Tax Tools

There are many types of deductions in the tax code. Generally speaking, there are two types of deductions the IRS allows: one can elect to take the flat standard deduction – which is based on your filing status – or elect to take itemized deductions. While both allow you to lower your taxable income, it can be a bit of a challenge determining which method works best for your personal tax situation. ATC tax preparation experts can help you navigate around the complexities and guide you towards the deduction that is most beneficial and suits your tax profile best.

Taxpayers are categorized into a tax bucket based on their filing status.

A standard deduction is the dollar amount that can be deducted from one’s income. Your standard deduction is determined based on your filing status. In some cases, the standard deduction may exceed itemized deductions.

The standard deduction for the 2023 tax year

Status Deduction Born before January 2, 1954 Blind
Single $13,850 $1,850 $1,850
Married Filing Jointly $27,700 $1,500 $1,500
Married Filing Separately $13,850 $1,500 $1,500
Head Of Household $20,800 $1,850 $1,850
Qualified Widow(er) With Dependent Child $27,700 $1,500 $1,500


Itemized deductions allow you to deduct your expenses such as mortgage, interest, donations, medical expenses, and so forth. When the total of your itemized deduction exceeds your standard deduction, your total deduction amount begins to increase. Additional deductions can reduce the amount of income being taxed and increase your tax refund or diminish any tax liability. Take advantage of our accurate tax preparation services at ATC. With superior understanding of the tax codes as well as state and federal deductions, our team of tax service professionals will assess your personal tax situation and help you find and claim all the credits and hidden tax deductions you qualify for and one’s that benefit you mostfrom one’s income. Your standard deduction is determined based on your filing status. These amounts are governed by the IRS.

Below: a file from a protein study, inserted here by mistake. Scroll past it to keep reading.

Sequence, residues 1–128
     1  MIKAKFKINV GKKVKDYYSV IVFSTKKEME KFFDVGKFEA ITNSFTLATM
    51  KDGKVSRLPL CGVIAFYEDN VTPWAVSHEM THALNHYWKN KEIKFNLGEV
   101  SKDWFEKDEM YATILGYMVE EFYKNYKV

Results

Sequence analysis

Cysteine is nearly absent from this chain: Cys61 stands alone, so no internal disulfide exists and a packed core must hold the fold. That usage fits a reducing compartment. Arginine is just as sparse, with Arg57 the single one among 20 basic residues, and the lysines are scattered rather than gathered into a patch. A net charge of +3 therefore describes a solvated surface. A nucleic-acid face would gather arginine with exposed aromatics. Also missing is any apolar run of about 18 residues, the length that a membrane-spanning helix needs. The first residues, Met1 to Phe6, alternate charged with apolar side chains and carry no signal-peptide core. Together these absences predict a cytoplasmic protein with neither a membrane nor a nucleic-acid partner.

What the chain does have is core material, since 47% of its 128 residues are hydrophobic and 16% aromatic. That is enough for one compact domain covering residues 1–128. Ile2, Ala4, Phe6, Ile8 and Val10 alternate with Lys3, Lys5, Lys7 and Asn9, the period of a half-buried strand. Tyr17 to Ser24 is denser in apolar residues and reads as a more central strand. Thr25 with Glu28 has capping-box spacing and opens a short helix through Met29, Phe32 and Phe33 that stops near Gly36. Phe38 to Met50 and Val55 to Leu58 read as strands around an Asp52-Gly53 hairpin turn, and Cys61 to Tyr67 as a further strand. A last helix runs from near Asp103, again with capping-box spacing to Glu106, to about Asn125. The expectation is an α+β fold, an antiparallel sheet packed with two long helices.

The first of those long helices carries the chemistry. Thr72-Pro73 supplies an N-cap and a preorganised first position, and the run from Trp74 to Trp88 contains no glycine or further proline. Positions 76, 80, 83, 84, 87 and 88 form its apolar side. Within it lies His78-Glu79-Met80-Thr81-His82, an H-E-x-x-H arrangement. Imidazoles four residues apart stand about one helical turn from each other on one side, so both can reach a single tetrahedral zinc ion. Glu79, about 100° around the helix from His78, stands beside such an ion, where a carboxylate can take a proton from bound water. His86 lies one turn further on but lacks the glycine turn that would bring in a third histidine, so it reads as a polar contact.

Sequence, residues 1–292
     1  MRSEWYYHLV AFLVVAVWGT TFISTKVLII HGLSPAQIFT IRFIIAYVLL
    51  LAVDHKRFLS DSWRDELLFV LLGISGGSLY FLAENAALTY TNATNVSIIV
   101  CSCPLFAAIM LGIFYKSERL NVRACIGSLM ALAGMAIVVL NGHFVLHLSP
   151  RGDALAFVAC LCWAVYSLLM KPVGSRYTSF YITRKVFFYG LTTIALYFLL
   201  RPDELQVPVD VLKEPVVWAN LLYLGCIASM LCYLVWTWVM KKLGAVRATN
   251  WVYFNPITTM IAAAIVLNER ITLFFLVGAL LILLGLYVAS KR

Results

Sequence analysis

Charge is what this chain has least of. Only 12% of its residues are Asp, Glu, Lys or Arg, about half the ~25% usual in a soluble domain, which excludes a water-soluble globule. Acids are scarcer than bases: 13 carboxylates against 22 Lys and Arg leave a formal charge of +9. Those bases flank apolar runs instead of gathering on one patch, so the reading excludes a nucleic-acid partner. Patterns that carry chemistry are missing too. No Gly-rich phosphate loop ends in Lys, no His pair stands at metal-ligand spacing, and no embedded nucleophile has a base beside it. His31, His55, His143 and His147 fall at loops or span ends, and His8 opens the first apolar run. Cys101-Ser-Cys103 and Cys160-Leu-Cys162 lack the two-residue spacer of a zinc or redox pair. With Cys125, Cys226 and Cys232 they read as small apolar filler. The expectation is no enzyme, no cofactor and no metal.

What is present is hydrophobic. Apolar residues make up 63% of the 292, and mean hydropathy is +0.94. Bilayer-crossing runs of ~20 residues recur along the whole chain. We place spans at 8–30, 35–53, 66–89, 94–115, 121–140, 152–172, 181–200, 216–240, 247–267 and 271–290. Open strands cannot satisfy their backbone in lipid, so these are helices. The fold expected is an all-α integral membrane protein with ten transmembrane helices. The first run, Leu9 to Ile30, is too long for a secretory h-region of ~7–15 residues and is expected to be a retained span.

Itemized Deductions

In general, if your total itemized deductions exceed the standard deduction, you should itemize. This includes these situations:

  • You do not qualify for the standard deduction, or the amount of the standard deduction is limited
  • You pay interest and taxes on a home or personal property
  • You have large, uninsured casualty or theft losses
  • You have large, uninsured medical and dental expenses
  • You have large, unreimbursed employee business expenses
  • You make large contributions to qualified charities

Most deductions are subject to the 2% of adjusted gross income (AGI) rule. This means the sum of expenditures greater than 2% of your total AGI are deductible in the amount that exceeds the 2%. If you’re under 65, medical and dental expenses that are greater than 10% of your total AGI are deductible in the amount that exceeds the 10%. If either you or your spouse is 65 or older, you can deduct the amount that exceeds 7.5% of your AGI. The limitation for itemized deductions claimed on tax returns for tax year 2016 will begin with incomes of $259,400+ (Single), $285,350+ (Head of Household) and $311,300+ (married couples filing jointly).

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